[TRANSCRIBE OF ORIGINAL NEWS ARTICLE IN ENGLISH]
[The excerpt below is from the section of the article that pertains to the Baha’i Faith]
[Newspaper:]THE NEW YORK TIMES,
[Date:]MONDAY JUNE 15, 1981
FOREIGN AFFAIRS IRAN’S GLUTTONOUS REVOLUTION
Paris, June 14 – The revolution eats its children, goes the saying, and the greater the upheaval the greater the gluttony. Iran now, like the Soviets three generations ago and France in the 18th century, is descending into a dictatorship of blood and horror. Americans have paid little attention since the blessed relief of the hostages return. But Iran’s travail and the international dangers surrounding it have not eased. President Baní-Sadr, himself besieged, has said that in two and a half years of revolutionary rule the country’s condition has worsened in every way. There is no security, the economy is crippled, the war with Iraq goes on, he said in a statement issued from his office while demonstrators outside called for his death as they had once called for the death of the Shah.
Reports from Tehran and a document distributed by Iranian exiles in the United States show that the situation is worse than anarchy. It has developed a gory logic that can only bring mounting disaster. The Iranian parliament meets in a charade of legalism. One deputy accuses the President of treason and another says, “I wish he had known that hostility against the Imam (Khomeini) and the religious leadership means hostility against God.” It has to consider a new code, submitted by the Prime Minister for final approval, which includes a “Bill of Vengeance.” This document, confirmed as authentic by Western diplomats in Tehran, ostensibly implements Islamic law though few Moslems elsewhere would accept it. Its very detail and precision make it more appalling even than the frenzied violence of chaos.
Premeditated murder, the bill rules, is subjected to qassas (vengeance) and the parent, guardian or next-of-kin of the victim may slay the murderer with the assent of an Islamic judge or his representative. The crime need be established only by testimony of two male witnesses and the sentence is to be carried out immediately. If a Moslem man has killed a Moslem woman, her family must pay him half his khoon-baha (blood worth) before executing him. But if a woman has murdered a man, no penalty need be paid for taking revenge.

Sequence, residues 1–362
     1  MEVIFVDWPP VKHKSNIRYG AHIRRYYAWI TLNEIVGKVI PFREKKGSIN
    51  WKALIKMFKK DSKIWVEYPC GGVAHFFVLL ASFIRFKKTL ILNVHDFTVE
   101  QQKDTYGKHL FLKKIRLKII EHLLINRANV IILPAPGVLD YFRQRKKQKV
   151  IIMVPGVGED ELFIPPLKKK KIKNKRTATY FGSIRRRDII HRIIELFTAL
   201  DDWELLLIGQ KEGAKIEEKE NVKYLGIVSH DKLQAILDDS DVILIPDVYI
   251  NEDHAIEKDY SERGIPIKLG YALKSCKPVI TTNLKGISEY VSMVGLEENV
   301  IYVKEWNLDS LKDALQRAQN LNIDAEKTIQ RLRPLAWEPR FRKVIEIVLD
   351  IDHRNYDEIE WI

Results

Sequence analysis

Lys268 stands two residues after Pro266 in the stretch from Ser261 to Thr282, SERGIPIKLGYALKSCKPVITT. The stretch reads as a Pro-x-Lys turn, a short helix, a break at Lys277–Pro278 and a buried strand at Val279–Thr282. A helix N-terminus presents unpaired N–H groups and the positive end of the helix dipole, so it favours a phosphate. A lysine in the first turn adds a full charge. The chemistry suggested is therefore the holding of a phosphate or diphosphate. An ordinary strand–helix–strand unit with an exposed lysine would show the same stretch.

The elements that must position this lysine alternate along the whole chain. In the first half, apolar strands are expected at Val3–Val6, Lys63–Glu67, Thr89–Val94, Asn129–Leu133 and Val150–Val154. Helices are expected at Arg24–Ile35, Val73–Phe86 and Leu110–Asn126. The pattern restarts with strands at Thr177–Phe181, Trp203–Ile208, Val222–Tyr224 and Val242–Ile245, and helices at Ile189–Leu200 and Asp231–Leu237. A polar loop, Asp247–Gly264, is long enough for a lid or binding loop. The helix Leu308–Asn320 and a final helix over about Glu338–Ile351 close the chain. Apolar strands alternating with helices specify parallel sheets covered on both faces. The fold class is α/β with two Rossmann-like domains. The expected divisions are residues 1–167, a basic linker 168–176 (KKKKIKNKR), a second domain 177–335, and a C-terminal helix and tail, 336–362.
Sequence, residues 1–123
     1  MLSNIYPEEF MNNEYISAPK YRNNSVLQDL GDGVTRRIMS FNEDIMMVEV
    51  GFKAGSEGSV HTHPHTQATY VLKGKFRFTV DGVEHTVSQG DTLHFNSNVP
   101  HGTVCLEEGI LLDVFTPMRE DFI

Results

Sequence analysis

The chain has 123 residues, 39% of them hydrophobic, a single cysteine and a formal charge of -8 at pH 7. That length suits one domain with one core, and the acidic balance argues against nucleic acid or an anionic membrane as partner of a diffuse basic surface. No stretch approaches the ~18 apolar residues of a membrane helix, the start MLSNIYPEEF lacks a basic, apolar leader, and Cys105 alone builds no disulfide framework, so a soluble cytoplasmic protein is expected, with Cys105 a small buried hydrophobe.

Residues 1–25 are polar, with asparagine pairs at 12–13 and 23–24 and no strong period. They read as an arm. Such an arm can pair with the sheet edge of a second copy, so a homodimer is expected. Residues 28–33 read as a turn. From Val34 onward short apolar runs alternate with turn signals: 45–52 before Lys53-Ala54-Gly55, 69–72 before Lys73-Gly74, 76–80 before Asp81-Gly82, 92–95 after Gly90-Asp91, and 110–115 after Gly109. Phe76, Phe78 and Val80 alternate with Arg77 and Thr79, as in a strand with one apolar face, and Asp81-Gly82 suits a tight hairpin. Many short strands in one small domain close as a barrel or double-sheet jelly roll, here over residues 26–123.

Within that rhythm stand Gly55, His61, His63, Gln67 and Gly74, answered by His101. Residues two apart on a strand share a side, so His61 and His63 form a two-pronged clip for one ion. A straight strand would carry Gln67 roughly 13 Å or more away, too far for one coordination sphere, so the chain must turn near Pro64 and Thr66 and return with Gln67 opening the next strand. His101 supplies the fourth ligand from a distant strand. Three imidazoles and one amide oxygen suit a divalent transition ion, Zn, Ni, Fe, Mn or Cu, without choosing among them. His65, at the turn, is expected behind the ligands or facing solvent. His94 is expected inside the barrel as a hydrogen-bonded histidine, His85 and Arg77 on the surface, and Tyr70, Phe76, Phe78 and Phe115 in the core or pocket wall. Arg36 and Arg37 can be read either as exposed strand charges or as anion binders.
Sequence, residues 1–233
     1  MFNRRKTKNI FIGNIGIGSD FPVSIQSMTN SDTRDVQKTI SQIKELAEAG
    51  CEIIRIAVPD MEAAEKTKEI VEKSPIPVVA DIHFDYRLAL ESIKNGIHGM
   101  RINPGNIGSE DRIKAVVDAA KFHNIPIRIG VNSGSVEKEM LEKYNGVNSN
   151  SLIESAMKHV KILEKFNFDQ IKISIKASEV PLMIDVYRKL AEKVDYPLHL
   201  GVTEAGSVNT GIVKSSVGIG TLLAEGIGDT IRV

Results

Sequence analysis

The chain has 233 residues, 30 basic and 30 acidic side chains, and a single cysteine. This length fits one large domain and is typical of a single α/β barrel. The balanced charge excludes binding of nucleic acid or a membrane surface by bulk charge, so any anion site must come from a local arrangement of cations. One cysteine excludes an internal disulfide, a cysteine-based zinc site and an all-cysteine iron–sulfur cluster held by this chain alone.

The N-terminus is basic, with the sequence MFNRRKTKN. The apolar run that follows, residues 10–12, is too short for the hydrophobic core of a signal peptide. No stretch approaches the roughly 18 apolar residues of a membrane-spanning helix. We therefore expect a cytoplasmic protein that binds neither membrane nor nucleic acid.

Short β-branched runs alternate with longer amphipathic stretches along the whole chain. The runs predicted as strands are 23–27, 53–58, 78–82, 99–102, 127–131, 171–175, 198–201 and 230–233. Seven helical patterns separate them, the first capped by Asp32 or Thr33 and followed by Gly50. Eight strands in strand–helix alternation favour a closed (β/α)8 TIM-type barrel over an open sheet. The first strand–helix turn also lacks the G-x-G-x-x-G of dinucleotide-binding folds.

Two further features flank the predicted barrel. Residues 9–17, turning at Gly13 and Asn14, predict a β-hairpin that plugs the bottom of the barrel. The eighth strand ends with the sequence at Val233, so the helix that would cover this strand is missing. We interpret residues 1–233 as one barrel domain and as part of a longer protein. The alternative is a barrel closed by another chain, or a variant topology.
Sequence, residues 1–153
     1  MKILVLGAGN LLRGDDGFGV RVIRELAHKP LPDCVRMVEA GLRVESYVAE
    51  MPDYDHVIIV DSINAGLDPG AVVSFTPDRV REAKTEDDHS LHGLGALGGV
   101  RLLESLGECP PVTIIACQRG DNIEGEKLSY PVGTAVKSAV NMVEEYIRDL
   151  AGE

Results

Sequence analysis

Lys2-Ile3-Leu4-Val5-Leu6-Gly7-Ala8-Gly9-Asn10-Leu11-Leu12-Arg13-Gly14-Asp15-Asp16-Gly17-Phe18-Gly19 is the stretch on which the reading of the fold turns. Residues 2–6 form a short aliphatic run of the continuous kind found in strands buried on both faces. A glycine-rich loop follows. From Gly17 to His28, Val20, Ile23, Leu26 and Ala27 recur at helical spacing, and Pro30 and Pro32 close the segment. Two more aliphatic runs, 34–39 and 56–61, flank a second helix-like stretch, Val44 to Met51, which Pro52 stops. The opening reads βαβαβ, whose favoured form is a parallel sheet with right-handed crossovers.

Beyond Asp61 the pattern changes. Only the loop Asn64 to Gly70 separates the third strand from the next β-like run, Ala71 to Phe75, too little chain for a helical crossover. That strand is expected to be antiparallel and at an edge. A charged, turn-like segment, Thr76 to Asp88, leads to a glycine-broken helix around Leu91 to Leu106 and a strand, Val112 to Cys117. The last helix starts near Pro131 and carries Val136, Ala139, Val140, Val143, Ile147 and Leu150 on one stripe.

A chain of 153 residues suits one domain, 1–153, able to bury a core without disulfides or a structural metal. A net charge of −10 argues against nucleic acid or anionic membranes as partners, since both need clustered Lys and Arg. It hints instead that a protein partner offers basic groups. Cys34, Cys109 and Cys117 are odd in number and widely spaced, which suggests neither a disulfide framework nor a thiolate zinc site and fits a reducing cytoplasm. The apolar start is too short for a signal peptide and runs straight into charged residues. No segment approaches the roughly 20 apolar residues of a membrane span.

Id an injury short of death has been inflicted, the width, length and depth of the vengeful wound must be equal. An exception is made for skull wounds, which need not be measured in depth. “To preserve fairness, the extent of the injury must be measured accurately.” So clothes over the spot must be removed or covering hair shaved, and if the “criminal’s resistance may cause an increase in the extent of the retaliatory wound, his hands and feet must be bound”. Vengeance can be exacted immediately after the crime, and if later the original victim dies of the wounds, the criminal can be killed on payment of a penalty.
These are only extracts of the bill. They give a more chilling insight than any reports of speeches or riots into the texture of life which the dominant factions seek to impose. Iranian expatriates appeal to the world to speak against this” gross violation of human rights” and quote their great poet Saadi who said, “Two mistakes are irrevocable- speaking when the times requires silence and silence when it is time to speak” What can we say that might make a difference? Just as before the revolution, we are now interested in the strategic and international significance of Iranian events and little concerned with how people there treat each other. That led to disaster for the United States before, and so it might again.
Ironically, the revolution so far has not provoked the widespread catastrophes elsewhere that were feared. With the Industrial world in recession, Iran’s oil is not missed. The long, stalemated war with Iraq has not spread as yet, and patriotic reaction seems to have held off the danger of Iran’s splitting into fragments that would tempt greedy neighbors, especially the Soviets. Through Communists and pro- Soviet agents are evidently active, Moscow has remained remarkably cautious in trying any overt moves. And the visible failure of the revolution to improve anyone’s lot seems to have contained explosions of fundamentalist exaltation in the rest of the Islamic world. But almost anything still can happen, except, it seems, the emergence of a happier, more humane society which might provide the Moslem model so many of the original revolutionaries hoped to achieve.
For the moment, Afghanistan and Poland are keeping Moscow busy and the United States has won time to plan defense of strategic Western interests in the region. Certainly, there is nothing in U.S. Government can do now to relieve the dreadful situation inside Iran, though as people we can try to sustain the wan hopes of moderates with concern and sympathy. It will be anti- American if we encourage or even are indifferent to repression. The values of tolerance and compassion are in short supply in the world. That’s the buildup everyone needs in self-defense.